John Carpenter Thinks Upcoming Christine Remake "Will Probably Be Better" Than His Movie

Horror legend John Carpenter feels optimistic about Bryan Fuller's Christine remake.

Back in 1983, horror legend John Carpenter brought the story of Stephen King's Christine to life. That beloved horror adaptation turns 40 this year, believe it or not, so it's getting an anniversary theatrical rerelease to celebrate the occasion. It's also getting the remake treatment. There haven't been any updates recently, but Hannibal's Bryan Fuller is slated to bring a new version of Christine to the screen. Carpenter seems to think Fuller will be able to put together something even better than what he did 40 years ago.

Carpenter recently spoke to Total Film about the anniversary of Christine and, naturally, the remake came up. When Fuller's reboot was brought to Carpenter's attention, he responded by saying, "Oh boy. Well, good luck to him. It will probably be better."

Carpenter didn't have a lot to say about the idea of a new Christine, but the star of his movie did. Keith Gordon, who played Arnie in the 1983 Christine, shared his thoughts on Fuller taking on the story.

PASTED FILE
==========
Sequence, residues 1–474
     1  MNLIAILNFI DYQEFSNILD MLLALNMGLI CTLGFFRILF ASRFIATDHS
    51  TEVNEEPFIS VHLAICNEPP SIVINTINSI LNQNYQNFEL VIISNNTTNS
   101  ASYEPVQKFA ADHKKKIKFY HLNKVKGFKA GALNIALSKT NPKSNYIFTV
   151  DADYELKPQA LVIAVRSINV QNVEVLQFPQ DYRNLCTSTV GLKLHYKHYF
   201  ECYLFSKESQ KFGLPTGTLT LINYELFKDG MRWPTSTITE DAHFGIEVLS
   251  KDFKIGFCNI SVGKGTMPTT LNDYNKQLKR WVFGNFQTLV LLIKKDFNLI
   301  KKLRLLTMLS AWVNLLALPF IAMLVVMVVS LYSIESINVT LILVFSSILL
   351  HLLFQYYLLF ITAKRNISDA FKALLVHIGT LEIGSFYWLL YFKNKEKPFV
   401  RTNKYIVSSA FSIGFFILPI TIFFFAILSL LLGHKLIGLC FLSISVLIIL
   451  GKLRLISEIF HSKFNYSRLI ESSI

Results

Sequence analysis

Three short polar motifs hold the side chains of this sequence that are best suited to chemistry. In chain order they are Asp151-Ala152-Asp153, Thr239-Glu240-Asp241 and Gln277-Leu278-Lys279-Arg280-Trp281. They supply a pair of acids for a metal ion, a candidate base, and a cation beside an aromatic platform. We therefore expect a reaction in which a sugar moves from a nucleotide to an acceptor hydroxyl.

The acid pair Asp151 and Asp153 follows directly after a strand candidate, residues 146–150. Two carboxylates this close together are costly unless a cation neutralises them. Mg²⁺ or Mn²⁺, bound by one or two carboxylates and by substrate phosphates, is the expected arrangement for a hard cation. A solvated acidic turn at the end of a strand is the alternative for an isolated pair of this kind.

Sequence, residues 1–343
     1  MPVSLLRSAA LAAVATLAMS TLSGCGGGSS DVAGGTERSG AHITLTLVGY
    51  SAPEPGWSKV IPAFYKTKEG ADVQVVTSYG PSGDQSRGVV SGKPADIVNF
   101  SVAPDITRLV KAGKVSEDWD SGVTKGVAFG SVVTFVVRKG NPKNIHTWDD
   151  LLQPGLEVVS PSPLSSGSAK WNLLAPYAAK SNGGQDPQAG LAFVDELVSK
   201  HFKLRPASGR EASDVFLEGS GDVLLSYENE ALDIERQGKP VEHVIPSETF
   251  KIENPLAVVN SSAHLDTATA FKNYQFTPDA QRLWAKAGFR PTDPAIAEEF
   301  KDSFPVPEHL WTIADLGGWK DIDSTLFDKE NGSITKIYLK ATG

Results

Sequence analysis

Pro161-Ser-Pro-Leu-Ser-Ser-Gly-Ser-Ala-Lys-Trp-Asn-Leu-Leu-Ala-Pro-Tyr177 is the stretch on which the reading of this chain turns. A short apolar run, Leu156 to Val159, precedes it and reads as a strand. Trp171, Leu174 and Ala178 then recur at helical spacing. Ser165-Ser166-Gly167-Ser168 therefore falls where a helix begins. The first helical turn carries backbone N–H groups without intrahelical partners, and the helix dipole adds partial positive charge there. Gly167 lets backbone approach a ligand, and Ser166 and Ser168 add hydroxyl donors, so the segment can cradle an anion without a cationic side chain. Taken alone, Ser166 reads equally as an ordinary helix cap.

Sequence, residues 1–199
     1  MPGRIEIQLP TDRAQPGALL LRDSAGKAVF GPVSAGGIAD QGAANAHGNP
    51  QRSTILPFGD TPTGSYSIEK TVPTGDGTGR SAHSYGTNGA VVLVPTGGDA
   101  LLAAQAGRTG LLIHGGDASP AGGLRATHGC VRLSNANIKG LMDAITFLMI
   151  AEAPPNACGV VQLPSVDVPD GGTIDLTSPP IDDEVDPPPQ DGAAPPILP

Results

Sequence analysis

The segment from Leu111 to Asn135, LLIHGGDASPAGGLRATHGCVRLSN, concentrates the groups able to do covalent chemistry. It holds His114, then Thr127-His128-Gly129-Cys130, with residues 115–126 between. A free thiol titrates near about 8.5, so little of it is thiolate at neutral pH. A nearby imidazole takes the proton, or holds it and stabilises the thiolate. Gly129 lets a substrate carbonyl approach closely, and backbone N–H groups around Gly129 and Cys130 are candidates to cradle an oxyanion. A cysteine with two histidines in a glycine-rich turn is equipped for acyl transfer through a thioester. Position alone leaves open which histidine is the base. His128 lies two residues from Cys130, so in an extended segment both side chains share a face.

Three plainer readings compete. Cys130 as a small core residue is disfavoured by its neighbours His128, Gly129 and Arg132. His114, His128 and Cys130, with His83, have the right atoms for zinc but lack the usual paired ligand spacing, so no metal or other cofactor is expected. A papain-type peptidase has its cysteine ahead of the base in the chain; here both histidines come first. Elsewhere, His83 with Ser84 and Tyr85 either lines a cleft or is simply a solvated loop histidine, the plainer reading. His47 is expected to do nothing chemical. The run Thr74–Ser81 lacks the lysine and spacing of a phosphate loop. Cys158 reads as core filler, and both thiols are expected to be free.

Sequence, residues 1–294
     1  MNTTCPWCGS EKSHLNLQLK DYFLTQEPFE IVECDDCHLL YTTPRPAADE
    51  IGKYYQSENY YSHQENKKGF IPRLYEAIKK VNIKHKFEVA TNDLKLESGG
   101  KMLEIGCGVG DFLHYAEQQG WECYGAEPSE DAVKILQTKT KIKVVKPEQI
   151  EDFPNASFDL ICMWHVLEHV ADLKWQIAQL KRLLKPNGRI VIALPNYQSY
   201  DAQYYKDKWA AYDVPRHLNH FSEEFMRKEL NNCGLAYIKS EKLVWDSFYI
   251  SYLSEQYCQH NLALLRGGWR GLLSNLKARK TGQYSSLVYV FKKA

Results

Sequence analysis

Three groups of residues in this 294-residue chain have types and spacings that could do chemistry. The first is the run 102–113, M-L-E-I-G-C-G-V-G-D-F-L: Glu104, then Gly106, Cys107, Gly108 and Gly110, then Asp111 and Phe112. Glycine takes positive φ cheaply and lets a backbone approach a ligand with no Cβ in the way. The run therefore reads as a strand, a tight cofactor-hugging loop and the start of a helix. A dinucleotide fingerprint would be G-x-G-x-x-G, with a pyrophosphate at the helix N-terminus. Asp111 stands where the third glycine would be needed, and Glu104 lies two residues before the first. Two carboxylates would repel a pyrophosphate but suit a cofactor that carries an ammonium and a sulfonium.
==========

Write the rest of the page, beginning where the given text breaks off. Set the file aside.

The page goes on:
"I think he's really talented and a good person to do it," Gordon said. "I mean, I don't have a negative feeling about people remaking something, especially 40 years later. Christine could be told in a different way and not be an insult to the original. There's a very short list of untouchable classics that should never be remade — films where their groundbreaking-ness or idiosyncrasy is what makes them special. I wouldn't want to see anybody's remake of Citizen Kane, or 2001, or Raging Bull."

Carpenter initially took the Christine job after losing another Stephen King adaptation. He was fired from the Firestarter movie and ended up working on Christine because he simply needed a new job. 

"I needed a job, frankly," Carpenter said of his work on the original Christine. "The Thing was my very first studio film. I was just diving in the pool here, and all of a sudden, WHAM. And getting fired off a movie is now the most pleasant thing."

The most surprising part of all that is why Carpenter lost the job in the first place. His previous film, The Thing, opened to lackluster reviews and made very little money at the box office. Of course, all these years later, The Thing stands up as not only one of Carpenter's finest works, but one of the most acclaimed horror films in history.